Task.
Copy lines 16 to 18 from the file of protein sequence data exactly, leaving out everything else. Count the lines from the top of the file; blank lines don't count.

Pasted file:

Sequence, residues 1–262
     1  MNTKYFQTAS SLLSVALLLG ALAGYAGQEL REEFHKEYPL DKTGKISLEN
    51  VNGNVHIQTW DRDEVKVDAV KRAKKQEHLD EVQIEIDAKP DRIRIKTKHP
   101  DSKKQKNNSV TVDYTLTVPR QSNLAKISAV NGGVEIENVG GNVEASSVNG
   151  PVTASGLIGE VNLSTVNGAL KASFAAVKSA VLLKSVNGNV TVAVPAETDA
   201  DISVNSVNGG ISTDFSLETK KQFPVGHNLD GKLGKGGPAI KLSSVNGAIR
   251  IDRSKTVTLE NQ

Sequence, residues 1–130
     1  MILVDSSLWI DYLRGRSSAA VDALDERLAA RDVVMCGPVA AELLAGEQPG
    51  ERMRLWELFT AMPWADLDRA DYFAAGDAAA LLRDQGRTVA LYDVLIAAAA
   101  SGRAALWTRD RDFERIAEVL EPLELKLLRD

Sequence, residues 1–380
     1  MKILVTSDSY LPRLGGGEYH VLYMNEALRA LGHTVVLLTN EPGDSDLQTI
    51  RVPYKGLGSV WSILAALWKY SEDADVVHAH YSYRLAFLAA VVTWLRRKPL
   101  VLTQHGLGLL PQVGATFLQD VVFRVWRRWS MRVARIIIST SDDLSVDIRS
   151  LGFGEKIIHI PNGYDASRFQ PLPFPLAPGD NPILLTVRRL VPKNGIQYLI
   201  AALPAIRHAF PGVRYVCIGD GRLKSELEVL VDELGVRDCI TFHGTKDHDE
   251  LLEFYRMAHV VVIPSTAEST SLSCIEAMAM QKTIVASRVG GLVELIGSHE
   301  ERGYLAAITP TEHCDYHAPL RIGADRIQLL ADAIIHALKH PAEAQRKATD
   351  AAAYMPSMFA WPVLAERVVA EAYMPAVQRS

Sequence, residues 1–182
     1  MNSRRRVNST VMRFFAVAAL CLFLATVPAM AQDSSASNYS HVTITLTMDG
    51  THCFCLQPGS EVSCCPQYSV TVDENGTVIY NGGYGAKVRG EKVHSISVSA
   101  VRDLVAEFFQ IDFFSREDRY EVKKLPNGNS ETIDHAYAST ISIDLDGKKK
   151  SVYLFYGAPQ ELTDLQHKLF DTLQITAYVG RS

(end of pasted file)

   151  LGFGEKIIHI PNGYDASRFQ PLPFPLAPGD NPILLTVRRL VPKNGIQYLI
   201  AALPAIRHAF PGVRYVCIGD GRLKSELEVL VDELGVRDCI TFHGTKDHDE
   251  LLEFYRMAHV VVIPSTAEST SLSCIEAMAM QKTIVASRVG GLVELIGSHE